I crashed the junior prom
And met the only married man
One joe who swore he's single
Got me sorta crocked, the beast
I woke up only slightly shocked that I’d defrocked a priest
Or else I attract 
The guys who are longing to do my hair
You can always count on me

Murphy has a really solid, terrific singing voice and her whole character really resonated with a sense of grounded humorous reality in both worlds of this show. Buddy Fidler, the sleazy yet success making producer was adorably played by the talented Gene Weygandt.

The quartet of singers playing the 'Greek chorus" that move the story along were reminiscent of group The Manhattan Transfer and their marvelous harmonies were a delight to listen to in each scene. 

Gabriel Ruiz shows a real star turn in his smaller role as Officer Munoz his number was sung with perfect comic timing in “All You Have to Do is Wait,” referring to what he thinks is  Stone’s upcoming  gas chamber execution.

Elizabeth-Lanza-Cassie-Slat

This production definitely had more seductive bite than others I have seen at Marriott Theatre and I always enjoy the way the intimate theater in the round is used to keep the audience alert and involved as actors are constantly making their entrances and exits seamlessly right through the crowd without mishap.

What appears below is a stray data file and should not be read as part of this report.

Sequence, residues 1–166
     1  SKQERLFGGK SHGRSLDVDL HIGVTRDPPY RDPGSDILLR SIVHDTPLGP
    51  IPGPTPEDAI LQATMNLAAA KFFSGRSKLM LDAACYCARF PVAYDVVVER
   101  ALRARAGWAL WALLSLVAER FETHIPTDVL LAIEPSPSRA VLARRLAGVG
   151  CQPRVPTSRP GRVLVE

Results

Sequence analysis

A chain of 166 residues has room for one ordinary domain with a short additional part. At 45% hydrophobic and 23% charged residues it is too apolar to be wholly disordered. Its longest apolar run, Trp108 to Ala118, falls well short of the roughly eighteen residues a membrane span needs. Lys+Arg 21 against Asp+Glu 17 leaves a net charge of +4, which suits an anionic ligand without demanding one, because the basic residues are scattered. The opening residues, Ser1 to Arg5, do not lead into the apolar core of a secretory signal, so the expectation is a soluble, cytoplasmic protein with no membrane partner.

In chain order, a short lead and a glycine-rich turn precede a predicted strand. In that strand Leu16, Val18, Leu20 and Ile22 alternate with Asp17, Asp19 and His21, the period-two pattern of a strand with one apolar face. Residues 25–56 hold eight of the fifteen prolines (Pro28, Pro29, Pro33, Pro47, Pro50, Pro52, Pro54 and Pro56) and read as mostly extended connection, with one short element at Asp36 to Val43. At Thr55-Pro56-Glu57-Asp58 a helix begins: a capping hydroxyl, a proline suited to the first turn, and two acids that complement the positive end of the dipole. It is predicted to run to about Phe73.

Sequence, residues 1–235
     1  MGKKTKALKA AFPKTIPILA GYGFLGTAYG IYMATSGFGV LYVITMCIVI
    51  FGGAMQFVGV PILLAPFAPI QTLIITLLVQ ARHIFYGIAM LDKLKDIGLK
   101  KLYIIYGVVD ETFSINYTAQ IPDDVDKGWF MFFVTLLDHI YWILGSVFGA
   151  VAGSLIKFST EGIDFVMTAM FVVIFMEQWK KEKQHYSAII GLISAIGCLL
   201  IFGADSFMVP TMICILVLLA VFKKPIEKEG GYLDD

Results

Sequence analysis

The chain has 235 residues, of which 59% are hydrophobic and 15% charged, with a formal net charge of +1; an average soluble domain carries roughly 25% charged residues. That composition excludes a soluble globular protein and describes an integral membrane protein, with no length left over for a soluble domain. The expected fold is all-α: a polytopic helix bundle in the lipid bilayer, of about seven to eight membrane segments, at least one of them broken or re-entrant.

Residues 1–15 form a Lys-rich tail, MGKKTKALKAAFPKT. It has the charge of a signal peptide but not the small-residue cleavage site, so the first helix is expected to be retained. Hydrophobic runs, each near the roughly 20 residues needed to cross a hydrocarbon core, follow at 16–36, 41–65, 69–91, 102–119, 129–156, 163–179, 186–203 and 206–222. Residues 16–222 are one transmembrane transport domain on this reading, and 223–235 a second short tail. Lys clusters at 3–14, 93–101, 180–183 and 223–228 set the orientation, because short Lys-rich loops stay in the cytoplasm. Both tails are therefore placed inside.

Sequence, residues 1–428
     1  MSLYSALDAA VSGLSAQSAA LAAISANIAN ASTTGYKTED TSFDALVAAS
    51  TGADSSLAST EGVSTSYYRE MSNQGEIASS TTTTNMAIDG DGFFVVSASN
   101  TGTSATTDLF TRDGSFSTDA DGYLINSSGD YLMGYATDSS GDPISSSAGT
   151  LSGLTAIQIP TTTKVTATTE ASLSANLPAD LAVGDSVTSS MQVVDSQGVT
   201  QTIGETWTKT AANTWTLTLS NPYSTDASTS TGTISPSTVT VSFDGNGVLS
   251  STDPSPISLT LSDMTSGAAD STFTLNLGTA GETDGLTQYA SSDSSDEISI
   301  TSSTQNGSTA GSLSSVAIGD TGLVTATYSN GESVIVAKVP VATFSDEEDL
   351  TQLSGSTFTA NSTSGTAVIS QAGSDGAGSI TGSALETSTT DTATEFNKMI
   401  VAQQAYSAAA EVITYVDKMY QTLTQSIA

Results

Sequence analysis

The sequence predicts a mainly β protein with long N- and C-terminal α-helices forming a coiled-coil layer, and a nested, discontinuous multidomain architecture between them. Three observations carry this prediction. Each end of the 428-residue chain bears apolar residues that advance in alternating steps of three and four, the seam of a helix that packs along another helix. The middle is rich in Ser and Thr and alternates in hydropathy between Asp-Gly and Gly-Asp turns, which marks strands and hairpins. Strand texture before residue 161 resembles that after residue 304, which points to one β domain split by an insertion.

Though their productions are always top notch, the only bug that regularly occurs at The Marriott Theatre is that there are not enough service areas during intermission so you have to chug whatever you do get to purchase before returning to your seat. Also drinks, even bottled water, are not allowed in the theater. This is a real problem given that if you have a cough attack or other emergency during the show because you really cannot leave the theater discretely without literally running into characters in the show. This minor discomfort could easily be solved with a few more bartenders and a water allowed policy. 

I highly recommend this lively, seductive and funny production of the Tony Award winning “City of Angels" for young and old alike. It has the sexy humor adults will appreciate and the great music and action young people will be entertained by. “City of Angels” is being performed at The Marriott Theatre through August 2nd. For more information about the show, visit www.marriotttheatre.com

Published in Theatre Reviews